Cannon said she would “quickly” decide on the “exact details and mechanics” of the special masters process after both sides submit their proposals, but it’s unclear when the judge will rule or what form that decision will take.
Here are the four people named in the duel proposals to serve as a special master:
Thomas Griffith, DOJ candidate
Thomas Griffith, a retired federal judge appointed by George W. Bush, served on the DC Circuit Court of Appeals from 2005 to 2020. In one of his last major rulings before retiring, he writes the majority opinion
rejecting House Democrats’ attempt to subpoena former Trump White House attorney Don McGahn. (The decision was later reversed.)
In the years following his retirement, Griffith co-author of a report
alongside other prominent conservative lawyers and officials debunking Trump’s lies about massive fraud in the 2020 election. And he publicly approved
President Joe Biden’s nomination of Ketanji Brown Jackson to serve on the Supreme Court.
Barbara Jones, DOJ Candidate
Barbara Jones, another retired and Clinton-appointed federal judge, is a former federal prosecutor and retired judge for the Southern District of New York from 1995 to 2012. She brings a lot of special master’s experience to the table, having recently served in that position for three high-profile criminal investigations with political implications.
She was tapped to serve
as a special master to examine materials seized during an FBI raid on Rudy Giuliani’s home and office in April 2021. She was also a special counsel in the Michael Cohen case,
to ensure that investigators did not scan confidential attorney-client documents. Giuliani and Cohen were both Trump’s attorneys while they were under investigation by the Justice Department.
More recently, Jones was the special master
who reviewed documents the FBI seized from Project Veritas, a right-wing group that often targets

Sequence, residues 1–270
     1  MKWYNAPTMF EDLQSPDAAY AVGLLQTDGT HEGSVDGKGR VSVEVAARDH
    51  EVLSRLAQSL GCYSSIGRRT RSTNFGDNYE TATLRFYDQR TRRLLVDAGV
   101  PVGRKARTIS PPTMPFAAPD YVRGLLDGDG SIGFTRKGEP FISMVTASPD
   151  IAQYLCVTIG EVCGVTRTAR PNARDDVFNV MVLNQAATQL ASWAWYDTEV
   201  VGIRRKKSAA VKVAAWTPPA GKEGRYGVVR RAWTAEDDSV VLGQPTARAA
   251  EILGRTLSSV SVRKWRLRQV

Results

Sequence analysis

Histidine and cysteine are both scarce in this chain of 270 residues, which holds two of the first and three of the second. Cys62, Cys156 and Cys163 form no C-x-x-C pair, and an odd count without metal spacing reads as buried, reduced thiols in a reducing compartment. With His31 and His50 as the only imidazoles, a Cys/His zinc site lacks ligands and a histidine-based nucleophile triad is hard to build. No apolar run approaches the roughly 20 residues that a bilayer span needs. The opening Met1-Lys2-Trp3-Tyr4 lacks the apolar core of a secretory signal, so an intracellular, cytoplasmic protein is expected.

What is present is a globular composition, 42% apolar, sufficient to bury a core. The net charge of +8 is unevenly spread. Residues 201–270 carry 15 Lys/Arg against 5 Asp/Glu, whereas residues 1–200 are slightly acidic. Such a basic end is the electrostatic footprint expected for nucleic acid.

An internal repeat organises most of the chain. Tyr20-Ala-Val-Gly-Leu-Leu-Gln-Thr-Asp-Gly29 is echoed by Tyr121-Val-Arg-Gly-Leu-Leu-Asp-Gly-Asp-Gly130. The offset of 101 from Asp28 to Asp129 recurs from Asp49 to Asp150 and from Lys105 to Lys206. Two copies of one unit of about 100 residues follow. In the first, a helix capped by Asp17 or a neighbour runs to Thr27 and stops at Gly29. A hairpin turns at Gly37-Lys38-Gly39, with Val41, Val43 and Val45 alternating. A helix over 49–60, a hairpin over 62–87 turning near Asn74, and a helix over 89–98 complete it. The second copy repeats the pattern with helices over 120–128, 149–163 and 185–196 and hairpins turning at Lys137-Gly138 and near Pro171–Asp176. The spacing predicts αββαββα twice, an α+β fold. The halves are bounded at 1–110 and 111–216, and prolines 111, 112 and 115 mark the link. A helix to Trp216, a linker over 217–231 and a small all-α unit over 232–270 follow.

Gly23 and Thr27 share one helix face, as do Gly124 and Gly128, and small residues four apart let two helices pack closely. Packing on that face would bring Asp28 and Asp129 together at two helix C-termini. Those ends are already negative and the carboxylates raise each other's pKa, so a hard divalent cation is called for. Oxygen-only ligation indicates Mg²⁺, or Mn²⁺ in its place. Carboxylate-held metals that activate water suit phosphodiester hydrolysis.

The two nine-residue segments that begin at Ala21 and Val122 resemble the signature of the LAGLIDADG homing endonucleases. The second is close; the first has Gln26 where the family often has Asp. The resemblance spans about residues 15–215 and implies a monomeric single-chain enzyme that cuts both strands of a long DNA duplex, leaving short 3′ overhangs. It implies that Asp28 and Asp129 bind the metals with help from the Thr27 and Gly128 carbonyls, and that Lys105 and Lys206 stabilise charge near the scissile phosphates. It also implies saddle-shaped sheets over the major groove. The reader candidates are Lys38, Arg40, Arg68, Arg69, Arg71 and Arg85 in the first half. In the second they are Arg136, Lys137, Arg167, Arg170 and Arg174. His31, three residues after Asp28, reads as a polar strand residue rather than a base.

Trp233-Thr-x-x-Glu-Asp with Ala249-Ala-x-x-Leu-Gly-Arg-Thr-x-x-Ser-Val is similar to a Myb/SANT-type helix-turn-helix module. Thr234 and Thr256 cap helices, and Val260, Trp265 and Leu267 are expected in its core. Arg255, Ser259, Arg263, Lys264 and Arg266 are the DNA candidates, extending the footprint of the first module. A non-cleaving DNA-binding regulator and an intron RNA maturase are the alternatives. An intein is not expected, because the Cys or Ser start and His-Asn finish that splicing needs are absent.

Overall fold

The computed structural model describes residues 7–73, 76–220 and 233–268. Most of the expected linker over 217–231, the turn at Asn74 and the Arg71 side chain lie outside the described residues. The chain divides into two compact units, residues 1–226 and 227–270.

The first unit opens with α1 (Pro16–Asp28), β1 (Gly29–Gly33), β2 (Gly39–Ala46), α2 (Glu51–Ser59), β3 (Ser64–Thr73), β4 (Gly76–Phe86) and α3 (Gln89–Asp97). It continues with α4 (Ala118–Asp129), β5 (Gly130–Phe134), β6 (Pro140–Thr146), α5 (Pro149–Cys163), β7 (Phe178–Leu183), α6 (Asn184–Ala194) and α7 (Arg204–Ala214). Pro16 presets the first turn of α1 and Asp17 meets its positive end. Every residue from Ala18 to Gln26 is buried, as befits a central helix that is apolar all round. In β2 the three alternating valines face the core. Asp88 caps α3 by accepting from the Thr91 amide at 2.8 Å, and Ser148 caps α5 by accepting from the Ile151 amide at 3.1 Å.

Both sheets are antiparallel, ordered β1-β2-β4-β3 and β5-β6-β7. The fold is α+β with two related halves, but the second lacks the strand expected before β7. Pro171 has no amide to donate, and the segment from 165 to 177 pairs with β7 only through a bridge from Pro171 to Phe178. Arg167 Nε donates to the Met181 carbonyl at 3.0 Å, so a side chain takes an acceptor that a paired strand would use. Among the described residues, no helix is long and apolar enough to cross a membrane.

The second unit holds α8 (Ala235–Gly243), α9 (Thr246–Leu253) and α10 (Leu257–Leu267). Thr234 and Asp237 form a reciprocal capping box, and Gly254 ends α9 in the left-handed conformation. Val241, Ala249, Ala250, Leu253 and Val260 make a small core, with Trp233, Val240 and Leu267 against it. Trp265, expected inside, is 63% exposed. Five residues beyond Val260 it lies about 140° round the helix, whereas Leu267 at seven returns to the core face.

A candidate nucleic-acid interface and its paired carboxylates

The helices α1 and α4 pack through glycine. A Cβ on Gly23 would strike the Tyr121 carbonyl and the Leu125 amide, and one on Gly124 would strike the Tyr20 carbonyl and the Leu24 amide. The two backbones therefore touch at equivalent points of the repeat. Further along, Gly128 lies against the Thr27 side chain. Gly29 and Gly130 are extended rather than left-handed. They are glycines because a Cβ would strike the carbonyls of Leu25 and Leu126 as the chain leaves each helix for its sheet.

Democrats and media organizations with undercover stings. Jones was brought in to review the documents for First Amendment and attorney-client considerations.
Paul Huck Jr., Trump candidate
Huck, who has his own law firm, had been a partner at the law firm Jones Day, which represented the Trump campaign in 2016, and a contributor to the conservative Federalist Society legal organization.
Huck also served as Florida’s assistant attorney general and general counsel for former Florida Governor Charlie Crist – who was a Republican at the time but served as a Democratic member of the US House and is the Democratic nominee for governor in Florida. . Chris Kise, Trump’s current attorney, also worked for Crist and rode Huck. They worked together at the Florida Attorney General’s office.
Huck’s wife, Barbara Lagoa, was on Trump’s shortlist as a Supreme Court nominee following the death of Justice Ruth Bader Ginsburg.
Raymond Dearie, Trump candidate
Dearie, a Reagan nominee, has served as a federal judge in New York since 1986. He retired in 2011 and is now a senior circuit judge.
Dearie also served a seven-year term on the US Foreign Intelligence Surveillance Court, or FISA court. He was one of the judges who approved an FBI and the DOJ monitoring request
Carter Page, Trump campaign foreign policy adviser, in the federal investigation into Russian interference in the 2016 election.
The process used by federal investigators to obtain FISA warrants was full of errors
and overall negligence, according to a DOJ Inspector General’s report.
Two of the four surveillance warrants granted by the secret FISA court relating to Page have since been declared invalid
— including one approved by Dearie in June 2017 — due to omissions and errors in the FBI’s submissions to the court.
Team Trump’s nomination of Dearie is notable because Trump has repeatedly criticized FISA oversight and claimed – without evidence – that it was part of a “deep state” plot to undermine his country.